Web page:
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Re: several hundred ugly things

        ...  You develop your program using whatever parts of the full
        language you need, then compile in a way that trims away anything that
        wasn't used.  This creates a subset of Common Lisp that exactly fits the
        needs of the application in question.  A simple version of this is trivial
        to implement in any system that has a copying GC; ...
    If only that were true.  For example, a routine that uses + implicitly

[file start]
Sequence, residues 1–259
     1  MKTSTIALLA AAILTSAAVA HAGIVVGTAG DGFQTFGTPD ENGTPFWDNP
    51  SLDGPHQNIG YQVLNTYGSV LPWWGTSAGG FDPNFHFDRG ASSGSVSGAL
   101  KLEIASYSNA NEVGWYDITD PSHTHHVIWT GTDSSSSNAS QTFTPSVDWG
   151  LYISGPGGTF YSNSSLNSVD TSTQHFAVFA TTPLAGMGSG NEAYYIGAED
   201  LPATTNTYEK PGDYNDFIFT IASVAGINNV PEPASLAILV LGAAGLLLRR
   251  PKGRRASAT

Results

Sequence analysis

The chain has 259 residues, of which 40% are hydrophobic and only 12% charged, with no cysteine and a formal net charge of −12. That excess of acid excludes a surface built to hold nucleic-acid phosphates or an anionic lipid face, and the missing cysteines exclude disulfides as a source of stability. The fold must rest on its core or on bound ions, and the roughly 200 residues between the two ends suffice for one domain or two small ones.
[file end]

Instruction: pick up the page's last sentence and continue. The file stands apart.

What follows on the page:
uses bignums and complex numbers, plus ERROR to handle problems like
    (+ 'a '(foo)).  Bignums require GC.  ERROR uses FORMAT, READ, and
    EVAL.  FORMAT uses..., and pretty soon you've got the kitchen sink

Well, in addition to just depending on the GC, you probably also want to
give the user some way of declaring that his application doesn't use
certain features such as bignums, complexes, floating point, the error
system (just terminate instead), circular printing, or whatever.  The point
I'm trying to make is that you shouldn't try to impose a single subset on
everyone, but should allow each user to select the subset he needs.

-- Scott